Remembering Steve Jobs: Apple’s impact on NHS and the world

By Caroline Schneider

On Oct. 5, America looked on as news stations were flooded with stories on the death of Steve Jobs, the creator of Apple and one of the CEOs of the company. Tributes were made to him everywhere from to Southpoint’s Apple store.
Tributes seen at Apple stores may have flowers or candles, but at Northwood, Betsy Kreutzberg, the librarian, made a small poster tribute for Jobs to display at the library entrance and a smaller paper tribute for Jobs displayed on the cover of her laptop.
“All the kids have Apple laptops so I thought that they needed to be aware that the creator of that had died,” said Kreutzberg of why she made the tributes.
Every student in Chatham County is given a school issued Mac laptop at the beginning of the school year that they are to use throughout the year in each of their classes. This is because Peggy Dougless, the previous technology director of Chatham County schools, steered it so that everybody had a Mac.
Apple is also doing its part to make sure that they’re well known among today’s students.
“Apple is kind of the king of educational software,” said Principal Chris Blice. “They’re pursuing that, so they’re making good deals for school systems.”
Junior Brooke Jackson is a Mac user and an iPod owner.
“The Mac is easier to use for me and it’s really fast,” Jackson said, supporting her choice for a Mac over a PC. “It just works better and it has neater things on it than a normal computer does.”
Jackson isn’t the only one who sides with Apple in the well-known Mac vs. PC argument. Blice also owns a Mac laptop, and he remembers when he made his switch from a PC to a Mac.
“When I first came to Northwood, I was a PC person,” Blice said. “I had a PC laptop that [the county] bought me, and the hard drive fried itself about a year ago. They gave me one of the student laptops to use temporarily while they ordered a new one, and after I used it for about a month, I called them up and said I really don’t want the PC anymore… I love it.”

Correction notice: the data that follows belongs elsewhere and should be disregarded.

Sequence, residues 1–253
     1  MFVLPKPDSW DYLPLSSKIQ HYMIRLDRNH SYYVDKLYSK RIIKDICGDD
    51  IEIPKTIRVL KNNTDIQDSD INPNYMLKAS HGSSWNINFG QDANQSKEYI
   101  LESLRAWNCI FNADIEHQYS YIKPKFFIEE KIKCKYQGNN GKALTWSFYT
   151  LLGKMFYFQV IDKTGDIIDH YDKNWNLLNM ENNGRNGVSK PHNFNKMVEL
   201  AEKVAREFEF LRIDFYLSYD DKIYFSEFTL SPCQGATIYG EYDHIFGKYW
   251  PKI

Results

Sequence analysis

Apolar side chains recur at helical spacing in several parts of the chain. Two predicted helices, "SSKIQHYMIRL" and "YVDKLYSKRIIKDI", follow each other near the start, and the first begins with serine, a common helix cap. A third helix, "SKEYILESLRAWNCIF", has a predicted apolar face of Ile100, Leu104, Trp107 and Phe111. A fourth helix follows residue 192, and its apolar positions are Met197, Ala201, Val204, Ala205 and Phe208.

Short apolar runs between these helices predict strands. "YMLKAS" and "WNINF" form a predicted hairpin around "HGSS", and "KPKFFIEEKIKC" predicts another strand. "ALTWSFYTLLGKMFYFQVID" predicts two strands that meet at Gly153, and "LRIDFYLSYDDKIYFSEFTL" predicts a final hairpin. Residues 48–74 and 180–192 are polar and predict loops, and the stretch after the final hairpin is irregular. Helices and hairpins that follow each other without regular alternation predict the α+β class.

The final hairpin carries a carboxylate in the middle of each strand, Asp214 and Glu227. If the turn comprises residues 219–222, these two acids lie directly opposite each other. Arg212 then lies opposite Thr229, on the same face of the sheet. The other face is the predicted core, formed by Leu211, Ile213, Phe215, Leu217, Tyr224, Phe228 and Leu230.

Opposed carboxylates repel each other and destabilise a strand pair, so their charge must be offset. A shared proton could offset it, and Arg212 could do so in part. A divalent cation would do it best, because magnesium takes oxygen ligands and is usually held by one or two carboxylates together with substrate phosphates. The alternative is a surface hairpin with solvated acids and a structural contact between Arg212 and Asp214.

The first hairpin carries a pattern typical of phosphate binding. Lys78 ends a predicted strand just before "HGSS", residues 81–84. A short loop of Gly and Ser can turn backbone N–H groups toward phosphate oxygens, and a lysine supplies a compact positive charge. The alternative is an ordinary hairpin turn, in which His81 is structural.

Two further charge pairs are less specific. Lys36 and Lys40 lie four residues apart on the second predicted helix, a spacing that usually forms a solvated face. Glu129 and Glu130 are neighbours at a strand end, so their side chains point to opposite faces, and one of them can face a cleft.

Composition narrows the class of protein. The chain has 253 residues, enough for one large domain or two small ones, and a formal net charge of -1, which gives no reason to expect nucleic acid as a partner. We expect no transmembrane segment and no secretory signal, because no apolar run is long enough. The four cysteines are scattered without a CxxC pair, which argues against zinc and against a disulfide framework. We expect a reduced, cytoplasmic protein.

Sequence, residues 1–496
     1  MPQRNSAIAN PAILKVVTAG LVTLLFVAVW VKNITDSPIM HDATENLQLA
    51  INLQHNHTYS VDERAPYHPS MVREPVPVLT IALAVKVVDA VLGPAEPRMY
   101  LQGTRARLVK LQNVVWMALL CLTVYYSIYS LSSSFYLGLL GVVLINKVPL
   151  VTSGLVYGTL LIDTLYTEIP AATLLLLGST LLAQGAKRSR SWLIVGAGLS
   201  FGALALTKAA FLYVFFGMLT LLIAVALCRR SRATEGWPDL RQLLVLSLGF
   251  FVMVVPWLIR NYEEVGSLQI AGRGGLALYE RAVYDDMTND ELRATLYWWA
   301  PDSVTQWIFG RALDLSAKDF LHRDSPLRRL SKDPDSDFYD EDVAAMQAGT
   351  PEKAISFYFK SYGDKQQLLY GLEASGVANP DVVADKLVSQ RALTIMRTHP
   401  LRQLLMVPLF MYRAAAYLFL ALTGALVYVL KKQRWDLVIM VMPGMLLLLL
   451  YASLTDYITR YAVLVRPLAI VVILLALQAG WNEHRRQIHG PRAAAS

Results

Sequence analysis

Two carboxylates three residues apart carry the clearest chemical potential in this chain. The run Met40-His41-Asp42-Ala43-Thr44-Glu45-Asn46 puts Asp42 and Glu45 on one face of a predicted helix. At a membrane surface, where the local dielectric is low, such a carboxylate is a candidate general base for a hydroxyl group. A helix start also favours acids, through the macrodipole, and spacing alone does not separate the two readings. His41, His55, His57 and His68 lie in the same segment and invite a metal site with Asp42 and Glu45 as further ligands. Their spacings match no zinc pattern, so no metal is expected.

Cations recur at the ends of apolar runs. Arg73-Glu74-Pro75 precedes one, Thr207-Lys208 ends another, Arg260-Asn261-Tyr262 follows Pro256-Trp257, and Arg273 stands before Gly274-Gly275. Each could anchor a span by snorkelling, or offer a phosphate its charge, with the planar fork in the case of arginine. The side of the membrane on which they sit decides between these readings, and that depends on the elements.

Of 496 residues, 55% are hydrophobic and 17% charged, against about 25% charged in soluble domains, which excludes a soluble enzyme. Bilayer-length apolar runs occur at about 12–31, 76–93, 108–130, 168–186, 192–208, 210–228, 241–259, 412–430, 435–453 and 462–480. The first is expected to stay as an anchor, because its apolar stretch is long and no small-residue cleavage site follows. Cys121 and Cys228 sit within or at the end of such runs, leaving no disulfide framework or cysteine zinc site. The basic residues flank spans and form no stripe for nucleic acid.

Not everyone feels the same way as Northwood’s principal, however.
“I’m not a big Mac fan,” admits Northwood’s technician, Mike Love, with a laugh.
Love owns a PC instead of a Mac, an Mp3 player in place of the better-known iPod, and even a Droid opposed to the similar iPhone. But Love defends his choices with logic related to his profession.
“With a regular PC computer, I can go to a parts store and put something together. But with a Mac, everything is so proprietary… it has to be Mac, everything has to be Mac… [to] go home and build a Mac would be very hard. Mac’s not very flexible.”
But despite Love’s rationalization, Apple is still one of the world’s leading technology companies.
Seventy eight percent of Northwood students own apple products other than their school-issued computers.
Jackson said that her favorite Apple product is her iPod, as the technology that makes her able to listen to music wherever she goes has changed her life.
“[I use my iPod] every day, for hours on end. When I’m doing my homework and before I go to bed,” Jackson said.
One of the most distinguishing things about an iPod would be its connection to the well known iTunes, which, according to the website is “a free application for your [computer that] organizes and plays your digital music and video” and makes it almost effortless to find and download music online.
“It’s ridiculously easy, you just type in whatever artist you want, and you just buy [the song you want] and it’s in your folder,” said junior Alex Waddell.
“It puts all the music in one spot and I can just click on the box and get rid of whatever music I’m not into right now and whenever I feel like listening to it again I just click on it and its right back into my iPod,” Waddell said.
And as students of the future continue to use their laptops, listen to their iTunes and fixate on their iPhones, they will always have Jobs to thank for that.
“He was a visionary guy that I think has done an awful lot to change the face of how we use computers, and he will be greatly missed,” said Blice.